Voices of the Peninsula: All votes matter

In the beginning, only property-holding white men could vote.

Cristen San Roman. (Photo provided)
Point of View: Is management of Cook Inlet catered to special interest groups?

If these fish are so at risk, why is BOEM able to move forward with lease sale 258?

Homer Foundation
Point of View: Grateful for the hidden ‘good’

Gratitude: Noun The state of being grateful; thankfulness. The state or quality… Continue reading

Homer High School Principal Douglas Waclawski. (Photo provided)
Point of View: What is Homer High School about?

What I consider Homer High’s strength is that we are a place for learning.

UAA Chancellor Sean Parnell. (courtesy photo)
Alaska Voices: Invent your future at UAA

At UAA we’re providing the tools to help students of all ages and skills chart a new course forward.

A registered nurse prepares a COVID-19 vaccine at the pop-up clinic on the Spit on May 27. (Photo by Sarah Knapp/Homer News)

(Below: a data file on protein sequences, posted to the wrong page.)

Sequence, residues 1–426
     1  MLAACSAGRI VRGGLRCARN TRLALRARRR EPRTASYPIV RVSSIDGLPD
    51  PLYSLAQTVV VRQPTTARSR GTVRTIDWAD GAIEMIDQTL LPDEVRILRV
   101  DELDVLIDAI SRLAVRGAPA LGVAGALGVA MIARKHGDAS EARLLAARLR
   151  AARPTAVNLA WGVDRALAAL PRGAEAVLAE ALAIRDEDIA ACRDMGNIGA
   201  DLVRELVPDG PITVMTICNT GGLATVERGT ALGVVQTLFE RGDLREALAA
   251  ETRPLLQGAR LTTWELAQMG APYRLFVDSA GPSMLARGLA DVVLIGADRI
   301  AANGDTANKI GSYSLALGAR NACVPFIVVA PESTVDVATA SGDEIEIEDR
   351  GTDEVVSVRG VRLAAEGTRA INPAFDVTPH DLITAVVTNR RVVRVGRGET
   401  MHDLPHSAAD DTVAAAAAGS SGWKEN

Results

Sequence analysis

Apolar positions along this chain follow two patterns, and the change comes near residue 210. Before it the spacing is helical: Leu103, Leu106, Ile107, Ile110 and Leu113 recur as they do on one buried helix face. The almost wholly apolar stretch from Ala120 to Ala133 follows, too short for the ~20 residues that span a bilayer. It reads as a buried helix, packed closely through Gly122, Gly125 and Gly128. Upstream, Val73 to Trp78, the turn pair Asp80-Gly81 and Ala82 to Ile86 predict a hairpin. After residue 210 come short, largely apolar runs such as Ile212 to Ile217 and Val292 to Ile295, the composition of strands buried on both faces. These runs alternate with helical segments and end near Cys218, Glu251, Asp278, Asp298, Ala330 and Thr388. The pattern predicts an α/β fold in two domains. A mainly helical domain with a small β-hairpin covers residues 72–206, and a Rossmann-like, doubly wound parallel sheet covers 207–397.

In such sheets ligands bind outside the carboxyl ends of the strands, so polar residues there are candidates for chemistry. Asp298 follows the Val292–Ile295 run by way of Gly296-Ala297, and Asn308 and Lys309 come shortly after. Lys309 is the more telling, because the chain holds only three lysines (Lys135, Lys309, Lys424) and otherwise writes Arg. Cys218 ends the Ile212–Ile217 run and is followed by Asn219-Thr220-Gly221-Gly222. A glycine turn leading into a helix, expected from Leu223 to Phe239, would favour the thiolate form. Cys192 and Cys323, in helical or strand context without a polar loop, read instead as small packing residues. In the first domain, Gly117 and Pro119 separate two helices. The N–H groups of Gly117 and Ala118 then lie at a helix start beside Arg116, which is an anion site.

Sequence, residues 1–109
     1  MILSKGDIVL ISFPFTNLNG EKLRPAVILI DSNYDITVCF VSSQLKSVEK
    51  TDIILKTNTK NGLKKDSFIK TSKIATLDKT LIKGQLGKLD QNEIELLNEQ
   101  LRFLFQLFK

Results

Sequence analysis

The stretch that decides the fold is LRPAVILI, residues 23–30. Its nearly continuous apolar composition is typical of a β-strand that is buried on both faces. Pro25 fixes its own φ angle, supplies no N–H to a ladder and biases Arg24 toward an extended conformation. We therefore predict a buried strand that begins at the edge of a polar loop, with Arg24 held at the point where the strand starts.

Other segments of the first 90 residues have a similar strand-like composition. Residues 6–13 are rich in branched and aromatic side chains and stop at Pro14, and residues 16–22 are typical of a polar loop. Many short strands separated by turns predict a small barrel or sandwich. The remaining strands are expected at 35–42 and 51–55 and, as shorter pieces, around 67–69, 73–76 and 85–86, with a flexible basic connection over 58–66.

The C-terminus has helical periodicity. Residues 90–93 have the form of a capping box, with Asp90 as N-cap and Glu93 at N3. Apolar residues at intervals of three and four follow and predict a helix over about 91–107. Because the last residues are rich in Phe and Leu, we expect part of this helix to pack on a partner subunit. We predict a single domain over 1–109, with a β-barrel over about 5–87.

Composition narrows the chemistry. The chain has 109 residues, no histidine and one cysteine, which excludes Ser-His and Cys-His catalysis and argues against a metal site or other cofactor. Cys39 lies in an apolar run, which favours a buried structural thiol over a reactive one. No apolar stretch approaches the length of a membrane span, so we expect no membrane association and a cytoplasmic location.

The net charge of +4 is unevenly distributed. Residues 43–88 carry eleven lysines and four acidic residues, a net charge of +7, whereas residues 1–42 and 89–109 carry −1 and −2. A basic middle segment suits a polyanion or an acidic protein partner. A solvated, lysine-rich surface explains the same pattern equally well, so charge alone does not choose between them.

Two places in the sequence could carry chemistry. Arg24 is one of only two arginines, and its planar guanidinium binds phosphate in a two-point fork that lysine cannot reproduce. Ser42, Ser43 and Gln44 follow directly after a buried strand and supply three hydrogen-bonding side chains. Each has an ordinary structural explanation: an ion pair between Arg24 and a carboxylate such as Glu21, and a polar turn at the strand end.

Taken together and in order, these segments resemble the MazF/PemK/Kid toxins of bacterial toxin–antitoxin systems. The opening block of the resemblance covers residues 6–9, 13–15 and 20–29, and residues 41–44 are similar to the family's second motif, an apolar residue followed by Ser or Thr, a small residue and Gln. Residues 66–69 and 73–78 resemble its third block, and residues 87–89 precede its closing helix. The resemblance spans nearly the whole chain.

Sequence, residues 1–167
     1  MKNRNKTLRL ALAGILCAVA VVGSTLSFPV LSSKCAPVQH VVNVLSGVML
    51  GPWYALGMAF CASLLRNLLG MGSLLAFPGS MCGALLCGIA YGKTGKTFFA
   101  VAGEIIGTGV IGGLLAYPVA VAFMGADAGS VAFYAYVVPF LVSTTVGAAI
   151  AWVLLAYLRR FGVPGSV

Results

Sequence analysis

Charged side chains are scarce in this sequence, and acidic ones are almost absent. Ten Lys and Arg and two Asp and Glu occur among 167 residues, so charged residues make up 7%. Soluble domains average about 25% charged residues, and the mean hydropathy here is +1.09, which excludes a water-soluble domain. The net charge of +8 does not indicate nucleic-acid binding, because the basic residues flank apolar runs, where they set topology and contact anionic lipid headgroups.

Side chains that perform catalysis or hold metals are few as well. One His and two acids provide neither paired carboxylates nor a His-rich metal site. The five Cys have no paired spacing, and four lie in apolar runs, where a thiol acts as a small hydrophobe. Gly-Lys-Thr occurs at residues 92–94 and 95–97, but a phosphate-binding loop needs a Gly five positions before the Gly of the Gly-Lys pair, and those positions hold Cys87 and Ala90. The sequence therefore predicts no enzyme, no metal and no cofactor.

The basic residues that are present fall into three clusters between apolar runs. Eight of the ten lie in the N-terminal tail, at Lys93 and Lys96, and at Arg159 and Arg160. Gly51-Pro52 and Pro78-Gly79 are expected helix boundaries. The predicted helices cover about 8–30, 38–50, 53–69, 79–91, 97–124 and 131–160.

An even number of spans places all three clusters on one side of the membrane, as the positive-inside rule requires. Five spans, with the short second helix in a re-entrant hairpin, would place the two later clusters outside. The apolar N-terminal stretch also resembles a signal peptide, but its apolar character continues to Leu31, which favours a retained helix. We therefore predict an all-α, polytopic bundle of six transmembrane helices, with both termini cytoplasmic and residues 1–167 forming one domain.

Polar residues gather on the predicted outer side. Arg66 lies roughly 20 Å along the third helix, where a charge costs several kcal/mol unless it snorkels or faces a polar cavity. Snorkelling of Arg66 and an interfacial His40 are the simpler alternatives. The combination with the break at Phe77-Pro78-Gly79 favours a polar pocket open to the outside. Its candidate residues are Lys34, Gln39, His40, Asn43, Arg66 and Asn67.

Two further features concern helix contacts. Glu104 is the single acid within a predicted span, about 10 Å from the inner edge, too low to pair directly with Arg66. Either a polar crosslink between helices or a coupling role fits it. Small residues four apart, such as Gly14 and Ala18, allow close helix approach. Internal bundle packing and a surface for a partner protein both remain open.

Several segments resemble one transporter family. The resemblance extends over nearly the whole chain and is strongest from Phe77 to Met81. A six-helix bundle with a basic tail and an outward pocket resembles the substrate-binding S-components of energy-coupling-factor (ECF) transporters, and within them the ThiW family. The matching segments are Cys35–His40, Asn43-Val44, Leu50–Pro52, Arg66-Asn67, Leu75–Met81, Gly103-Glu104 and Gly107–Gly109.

Alaska Voices: Vaccination is the still best protection from COVID-19

The Alaska State Medical Association encourages you to protect yourselves and your community from preventable illness by getting recommended vaccines.

(Ben Hohenstatt / Juneau Empire File)
The sad diminishment of Rep. Don Young

Young seems afraid to demand his party leader defend the dignity of the institution he loves.

A “Vote Here” sign is seen at the City of Kenai building on Monday, Sept. 21, 2020, in Kenai, Alaska. (Clarion file)
Alaska Voices: Restore our strong campaign donation limits

Without campaign spending limits, the ideal of one person, one vote is no longer really true.

The Final Redistricting Map approved for the Anchorage and Matanuska-Susitna area is seen on Nov. 9, 2021. (Map via
Alaska Voices: The Alaska Redistricting Board’s last-minute gerrymandering failed Alaska

Our Constitution outlines rules for a redistricting process designed to uphold public trust.

This photo shows the trans-Alaska pipeline and pump station north of Fairbanks. (AP Photo/Al Grillo)
Alaska Voices: The permanent fund has been taking care of Alaskans for 45 years

It’s the largest sovereign wealth fund in the nation, the pride of Alaska and this month we celebrate its 45th anniversary.

Dr. Tom Hennessy, MD, MPH (Courtesy)
Voices of the Peninsula: Don’t take medical advice from politicians, athletes or social media

Evidence leads to consensus among medical doctors: Vaccines are the best way to prevent infection.